UN agencies and their partners announced yesterday that that they were seeking over $20 billion in funding next year - the largest humanitarian appeal in history. The announcement comes after a mass flow of refugees, war and catastrophe through the year.
The UN agencies for health, refugees and humanitarian assistance known as WHO, UNHCR and OCHA and their partner organisations seek to help 87 million people in need in 37 countries, including Syria, Yemen, South Sudan and Iraq, next year. They were the most vulnerable people among an estimated 125 million who require help, according to officials.
The agencies were already running short - they said, they were only half-funded in their 2015 appeals for $19.9 billion and faced a total funding gap of $10.2 billion, which too was a record. The funds, mostly from governments, go towards providing medical support, food, shelter, protection and other aid for vulnerable or displaced people.
The appeals extend to all sorts of human miseries, such as those caused by war and natural disasters. According to the agencies, some 60 million people worldwide had been forced to flee their homes in recent years - the highest level in the post-war era.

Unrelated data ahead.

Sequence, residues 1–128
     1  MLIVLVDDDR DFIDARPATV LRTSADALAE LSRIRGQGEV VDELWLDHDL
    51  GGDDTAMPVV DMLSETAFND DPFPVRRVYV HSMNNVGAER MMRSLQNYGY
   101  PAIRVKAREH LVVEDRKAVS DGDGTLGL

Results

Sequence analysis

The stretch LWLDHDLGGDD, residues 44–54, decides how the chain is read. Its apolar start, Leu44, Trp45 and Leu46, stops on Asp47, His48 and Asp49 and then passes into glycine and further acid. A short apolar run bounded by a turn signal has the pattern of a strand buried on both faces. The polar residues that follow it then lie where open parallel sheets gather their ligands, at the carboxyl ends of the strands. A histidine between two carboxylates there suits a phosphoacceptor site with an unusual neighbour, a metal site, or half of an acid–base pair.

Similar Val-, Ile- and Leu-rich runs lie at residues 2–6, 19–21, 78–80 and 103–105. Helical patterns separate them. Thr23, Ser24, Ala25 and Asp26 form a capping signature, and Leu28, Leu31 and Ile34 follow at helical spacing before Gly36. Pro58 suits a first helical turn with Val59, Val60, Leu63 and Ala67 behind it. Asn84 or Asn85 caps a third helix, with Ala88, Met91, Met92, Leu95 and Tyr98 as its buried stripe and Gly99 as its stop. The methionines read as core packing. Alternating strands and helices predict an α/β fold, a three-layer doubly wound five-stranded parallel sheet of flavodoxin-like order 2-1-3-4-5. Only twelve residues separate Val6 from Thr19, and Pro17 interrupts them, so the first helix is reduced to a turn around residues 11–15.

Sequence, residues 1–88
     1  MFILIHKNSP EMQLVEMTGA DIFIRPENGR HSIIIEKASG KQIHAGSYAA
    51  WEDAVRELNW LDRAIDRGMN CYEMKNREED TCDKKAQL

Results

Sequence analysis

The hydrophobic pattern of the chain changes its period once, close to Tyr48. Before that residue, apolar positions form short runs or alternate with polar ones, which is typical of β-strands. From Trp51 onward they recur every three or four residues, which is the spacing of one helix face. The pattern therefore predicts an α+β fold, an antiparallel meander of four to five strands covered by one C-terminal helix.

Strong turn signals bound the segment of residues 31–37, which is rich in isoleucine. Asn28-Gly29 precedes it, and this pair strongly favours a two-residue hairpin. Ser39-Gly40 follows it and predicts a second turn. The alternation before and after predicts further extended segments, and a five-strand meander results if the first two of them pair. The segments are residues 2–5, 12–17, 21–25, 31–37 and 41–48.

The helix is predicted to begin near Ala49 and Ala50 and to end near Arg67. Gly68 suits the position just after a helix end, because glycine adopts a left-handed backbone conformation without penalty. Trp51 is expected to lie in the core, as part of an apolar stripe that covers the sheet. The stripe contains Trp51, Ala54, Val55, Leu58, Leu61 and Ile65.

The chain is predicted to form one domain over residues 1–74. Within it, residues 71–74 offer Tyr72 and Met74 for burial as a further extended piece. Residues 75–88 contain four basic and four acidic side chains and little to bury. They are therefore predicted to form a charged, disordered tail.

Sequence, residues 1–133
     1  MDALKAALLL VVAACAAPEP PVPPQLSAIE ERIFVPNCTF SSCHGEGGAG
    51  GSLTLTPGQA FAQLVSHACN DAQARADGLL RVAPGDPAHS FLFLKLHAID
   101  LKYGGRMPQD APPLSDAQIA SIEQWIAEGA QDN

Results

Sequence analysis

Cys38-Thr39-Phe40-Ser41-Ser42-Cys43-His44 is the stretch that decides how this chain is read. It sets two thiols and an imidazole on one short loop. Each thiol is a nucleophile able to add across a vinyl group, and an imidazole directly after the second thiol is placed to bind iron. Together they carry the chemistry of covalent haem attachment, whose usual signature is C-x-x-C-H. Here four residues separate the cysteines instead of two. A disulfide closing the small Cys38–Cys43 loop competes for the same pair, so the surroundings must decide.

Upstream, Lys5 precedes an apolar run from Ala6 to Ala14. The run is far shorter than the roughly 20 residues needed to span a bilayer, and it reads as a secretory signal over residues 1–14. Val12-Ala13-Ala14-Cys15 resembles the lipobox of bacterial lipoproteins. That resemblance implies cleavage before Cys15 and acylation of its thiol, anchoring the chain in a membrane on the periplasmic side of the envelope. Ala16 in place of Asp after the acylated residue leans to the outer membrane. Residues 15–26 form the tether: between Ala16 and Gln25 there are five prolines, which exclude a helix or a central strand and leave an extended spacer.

''Human suffering has reached levels not seen since the Second World War,'' said Stephen O'Brien, under secretary-general for humanitarian affairs.
''It is clear that with the present level of resources, we are not able to provide even the very minimum in both core protection and life-saving assistance,'' UN High Commissioner for Refugees António Guterres said yesterday, as he launched the Global Humanitarian Overview 2016 in Geneva.
''The international humanitarian system is all too often the only safety net that exists for people fleeing wars. It has to be funded on a scale that's realistic and commensurate with today's immense challenges.''